Now for all these half deceits which the world and the tempers of this world, both within us and without us, are ever busy to work in our minds, and for which they would, if possible, get even Holy Scripture to serve their purpose ; for all these there is no cure so effectual as that of meditating seriously on the death and passion of our Saviour Christ, and partaking of His Body and Blood. All other means are mainly useful in that they bring us to this, or are connected with it. Shall we think that the view we took of ourselves in sickness, or humiliation, was not the true one? On the contrary, what says Holy Scripture throughout of all approaches to Christ and His Cross ? “Now mine eye seeth Thee, wherefore I abhor myself, and repent in dust and ashes.” Whatever, therefore, most humbles us, and gives us low opinions of our own condition, brings us nearer to His Cross ; whatever exalts and puffs us up with pride, puts us further from it: it is by seeing this that we come to have a right knowledge of ourselves. Let us consider also, how all the blessings which the Gospel holds out to faithful Christians, are connected with the Cross of Christ, and may be best attained by meditating on it. For instance, Scripture describes to us in many ways, that the person who will be the highest in the kingdom of heaven, is he who will most humble himself here on earth. Now to do this, to practise this humility, what greater assistance and encouragement can we have than by thinking seriously of Him, who was among His own disciples, “as he that serveth ?" “Who being in the form of God, thought it not robbery to be equal with God; but made Himself of no reputation, and took upon Him the form of a servant,”—Who “humbled Himself, and became obedient unto death, even the death of the Cross.” Or if we consider the eight beatitudes in the Sermon on the Mount, how shall we better attain to the blessings that are there pronounced, than by meditating on the ALMIGHTY GOD manifested in Jesus Christ? First of all, “ blessed are the poor in spirit," i. e. they who are indifferent to worldly advantages : where shall we better learn this heavenly temper of mind than by meditating on Him, who had not where to lay His head, who for our sakes became poor, and chose that situation and condition of life which is most liable to contempt, and subjected Himself to the suffering and privations, such as the greatest poverty produces ? This to a feeling and reflecting Christian, sanctifies and makes holy that condition of life more than any other; so that, deeply impressed with the example of His LORD, he would, if any thing, prefer such a state to any other; or, at all events, meditating on His Saviour would lead more than any thing else to bring him to this mind; and this temper will doubtless receive the blessing of the poor in spirit, and be received into the kingdom. Or again, "blessed are the meek," i. e. they who suffer ill-treatment without anger; and surely if any thing can allay every angry feeling within our bosom, and teach us meekness, it is the Cross and sufferings of Him, “who when HE was reviled, reviled not again," who “ gave His back to the smiters, and His cheek to them who plucked off the hair," when He might have called legions of angels to His assistance, and destroyed them all" by one rough word.” Or again, “ blessed are they that mourn;" where shall we learn this blessed spirit of mourning over our own sins and those of our fellow Christians, but by considering to what an intensity of extreme agony they brought the Son of God, when He cried out—"My God, my God, why hast Thou forsaken me." If, therefore, the comforts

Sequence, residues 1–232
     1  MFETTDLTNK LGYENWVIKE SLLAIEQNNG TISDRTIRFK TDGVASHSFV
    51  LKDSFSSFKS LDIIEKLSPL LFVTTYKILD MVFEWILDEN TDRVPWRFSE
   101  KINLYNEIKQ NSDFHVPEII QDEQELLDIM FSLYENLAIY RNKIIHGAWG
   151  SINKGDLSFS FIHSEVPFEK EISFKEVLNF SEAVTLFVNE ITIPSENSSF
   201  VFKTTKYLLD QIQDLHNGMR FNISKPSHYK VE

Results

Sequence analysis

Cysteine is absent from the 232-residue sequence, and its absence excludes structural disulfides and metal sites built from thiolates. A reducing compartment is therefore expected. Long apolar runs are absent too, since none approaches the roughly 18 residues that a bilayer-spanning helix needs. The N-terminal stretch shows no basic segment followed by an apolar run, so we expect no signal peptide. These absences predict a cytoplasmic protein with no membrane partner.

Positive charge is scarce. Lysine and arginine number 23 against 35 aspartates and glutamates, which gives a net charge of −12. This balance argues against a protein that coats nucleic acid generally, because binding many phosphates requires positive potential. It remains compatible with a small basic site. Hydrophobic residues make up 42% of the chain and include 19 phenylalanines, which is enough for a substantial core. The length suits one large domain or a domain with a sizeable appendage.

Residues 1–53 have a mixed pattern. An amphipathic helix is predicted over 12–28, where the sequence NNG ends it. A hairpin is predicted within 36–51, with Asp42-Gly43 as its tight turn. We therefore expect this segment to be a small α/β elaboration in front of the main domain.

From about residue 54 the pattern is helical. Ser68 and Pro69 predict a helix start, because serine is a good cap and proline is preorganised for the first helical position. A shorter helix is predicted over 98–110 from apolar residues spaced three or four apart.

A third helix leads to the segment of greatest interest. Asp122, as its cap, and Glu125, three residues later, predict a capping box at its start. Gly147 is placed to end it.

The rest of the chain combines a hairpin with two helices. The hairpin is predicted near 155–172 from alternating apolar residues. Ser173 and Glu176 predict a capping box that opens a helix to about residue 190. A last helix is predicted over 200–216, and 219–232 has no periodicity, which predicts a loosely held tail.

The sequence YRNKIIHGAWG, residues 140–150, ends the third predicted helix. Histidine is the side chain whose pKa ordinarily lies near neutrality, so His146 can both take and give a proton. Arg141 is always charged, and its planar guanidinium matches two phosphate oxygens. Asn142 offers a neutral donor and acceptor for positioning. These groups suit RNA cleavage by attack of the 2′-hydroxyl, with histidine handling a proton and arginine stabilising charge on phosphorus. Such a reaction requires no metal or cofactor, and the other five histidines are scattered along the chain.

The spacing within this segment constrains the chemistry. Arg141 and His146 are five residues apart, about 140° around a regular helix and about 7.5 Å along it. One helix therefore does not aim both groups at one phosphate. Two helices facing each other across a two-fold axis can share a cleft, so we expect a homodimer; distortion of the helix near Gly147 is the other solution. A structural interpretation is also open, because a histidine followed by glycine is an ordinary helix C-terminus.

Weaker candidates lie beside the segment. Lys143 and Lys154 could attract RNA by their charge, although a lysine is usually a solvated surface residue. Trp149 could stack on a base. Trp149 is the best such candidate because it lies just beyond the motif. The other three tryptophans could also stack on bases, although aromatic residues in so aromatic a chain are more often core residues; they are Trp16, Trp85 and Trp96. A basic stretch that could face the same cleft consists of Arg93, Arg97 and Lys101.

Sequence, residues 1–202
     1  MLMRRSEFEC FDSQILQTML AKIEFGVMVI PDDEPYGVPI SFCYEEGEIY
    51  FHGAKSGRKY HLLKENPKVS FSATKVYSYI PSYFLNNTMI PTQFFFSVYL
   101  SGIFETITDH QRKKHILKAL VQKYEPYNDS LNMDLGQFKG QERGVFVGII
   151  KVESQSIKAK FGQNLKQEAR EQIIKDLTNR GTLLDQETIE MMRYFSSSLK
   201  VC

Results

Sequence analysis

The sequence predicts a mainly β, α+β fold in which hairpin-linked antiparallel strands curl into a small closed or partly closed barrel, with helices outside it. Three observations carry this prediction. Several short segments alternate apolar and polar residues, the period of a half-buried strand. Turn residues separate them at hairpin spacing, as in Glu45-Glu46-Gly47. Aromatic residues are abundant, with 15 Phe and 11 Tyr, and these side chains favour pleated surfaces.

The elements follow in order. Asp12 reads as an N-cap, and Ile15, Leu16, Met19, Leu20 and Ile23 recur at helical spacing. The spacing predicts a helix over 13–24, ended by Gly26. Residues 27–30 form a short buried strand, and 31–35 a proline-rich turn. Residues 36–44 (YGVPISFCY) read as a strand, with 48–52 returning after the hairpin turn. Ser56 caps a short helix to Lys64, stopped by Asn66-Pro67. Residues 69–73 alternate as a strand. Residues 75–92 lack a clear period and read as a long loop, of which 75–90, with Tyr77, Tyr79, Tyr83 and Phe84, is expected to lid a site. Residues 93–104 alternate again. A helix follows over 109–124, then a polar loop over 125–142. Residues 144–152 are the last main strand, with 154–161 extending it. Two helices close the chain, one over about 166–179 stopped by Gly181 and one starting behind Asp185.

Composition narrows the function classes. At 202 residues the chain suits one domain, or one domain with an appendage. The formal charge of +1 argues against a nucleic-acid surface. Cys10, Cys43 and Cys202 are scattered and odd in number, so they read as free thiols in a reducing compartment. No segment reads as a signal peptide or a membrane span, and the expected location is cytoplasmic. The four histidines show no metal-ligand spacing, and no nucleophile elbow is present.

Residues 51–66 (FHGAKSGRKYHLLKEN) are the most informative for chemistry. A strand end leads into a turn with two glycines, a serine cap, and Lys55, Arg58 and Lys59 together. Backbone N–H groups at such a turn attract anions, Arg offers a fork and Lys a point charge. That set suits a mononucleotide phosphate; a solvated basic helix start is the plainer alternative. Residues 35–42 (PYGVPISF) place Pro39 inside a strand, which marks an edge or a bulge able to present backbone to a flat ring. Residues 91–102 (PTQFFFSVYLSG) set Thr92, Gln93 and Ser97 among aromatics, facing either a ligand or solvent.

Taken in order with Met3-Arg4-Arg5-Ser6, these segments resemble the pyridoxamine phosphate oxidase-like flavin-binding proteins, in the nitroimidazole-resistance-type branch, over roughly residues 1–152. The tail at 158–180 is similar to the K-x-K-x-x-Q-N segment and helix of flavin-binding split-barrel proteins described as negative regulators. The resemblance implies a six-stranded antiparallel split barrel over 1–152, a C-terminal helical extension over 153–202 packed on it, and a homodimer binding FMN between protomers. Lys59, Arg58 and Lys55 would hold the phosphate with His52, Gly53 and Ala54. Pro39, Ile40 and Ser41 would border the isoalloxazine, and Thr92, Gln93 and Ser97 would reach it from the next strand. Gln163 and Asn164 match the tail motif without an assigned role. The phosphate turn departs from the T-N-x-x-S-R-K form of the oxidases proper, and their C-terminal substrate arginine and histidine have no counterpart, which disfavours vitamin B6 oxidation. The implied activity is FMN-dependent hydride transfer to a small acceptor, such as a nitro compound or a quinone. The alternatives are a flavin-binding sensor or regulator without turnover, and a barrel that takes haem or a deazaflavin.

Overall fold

of Christ's kingdom are to be given to this temper and state of mourning, let us not think of separating them, or suppose we shall obtain the benefits of His Cross without thus mourning with Him: on the contrary, doubtless, the more we mourn,

the more shall we be comforted. From this it arises, that they who fast most, and deny themselves, are usually the most cheerful and happy, being comforted of God; and are thus, as He promises, “rewarded openly' even in this world. Or again, “ blessed are they which do hunger and thirst after righteousness, for they shall be filled ;" where shall they be filled, or where shall they learn this hunger, but by desiring to be admitted, like the holy and most beloved St. John, into the judgment-hall with CHRIST, and to the foot of His Cross ? How shall we dare to approach Him excepting with these desires ? What sin, what infirmity is there which we shall not earnestly lament which keeps us far from Him: and of which He bore the weight, which added to the sharpness of His sorrows ? Surely there, if any where in this world, we shall hunger and thirst after righteousness; and by whom shall we be filled, but by Him who hath said, “Come unto me, and learn of me?” Or, again, how shall we see God” in JESUS CHRIST, unless we are "pure in heart? They who harbour unlawful desires cannot see Him, cannot have lot or part with Him; but where shall we better learn purity than by meditating on His sufferings, for where is the sinfulness of impure thoughts written more fearfully? Where else can we obtain the blessing of “the peace-maker,” and of them “who are persecuted for righteousness' sake?” The very prayers that the Church offers on Good Friday for “all estates of men,” for “ infidels, and heretics," proves, that if a desire of peace and the office of a peace-maker is to be learnt any where, it is at the Cross of Christ : and when persons have been persecuted, and suffered for righteousness' sake, their comfort has always been, they have been made

exceeding glad” when they have thought, like our own sacred martyr Charles the First, that they were being made like unto “ Christ Crucified.”

Such are the signs which break out even in this world of that great doctrine, which is higher than heaven above, and deeper than hell beneath, by which alone we obtain remission of our sins--the doctrine of " Christ crucified.” They who are "made conformable” unto it will so far receive the blessings of the kingdom, both now and hereafter ; but they who are not, Scripture declares in many ways, will not be admitted into that kingdom. All things preach this doctrine to the eye and ear of faith : the disappointment, the vexation, the vanity, and heavy judgments attending all that is good in this world ;-all the teachings of the Old Testament and of the New to the humble Christian are full of Christ crucified;” but when Jesus Christ is HIMSELF brought before us on the Cross, it teaches us as none of these can do “I have heard of Thee by the hearing of the ear, but now mine eye seeth Thee; wherefore I abhor myself, and repent in dust and ashes.”